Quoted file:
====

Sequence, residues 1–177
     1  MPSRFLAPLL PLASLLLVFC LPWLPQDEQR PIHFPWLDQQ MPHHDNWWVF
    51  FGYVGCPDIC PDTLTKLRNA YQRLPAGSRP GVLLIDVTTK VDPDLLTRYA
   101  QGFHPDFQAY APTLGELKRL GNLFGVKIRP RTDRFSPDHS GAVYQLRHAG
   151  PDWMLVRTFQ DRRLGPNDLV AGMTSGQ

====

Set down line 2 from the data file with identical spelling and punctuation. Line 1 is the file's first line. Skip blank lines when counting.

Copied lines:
     1  MPSRFLAPLL PLASLLLVFC LPWLPQDEQR PIHFPWLDQQ MPHHDNWWVF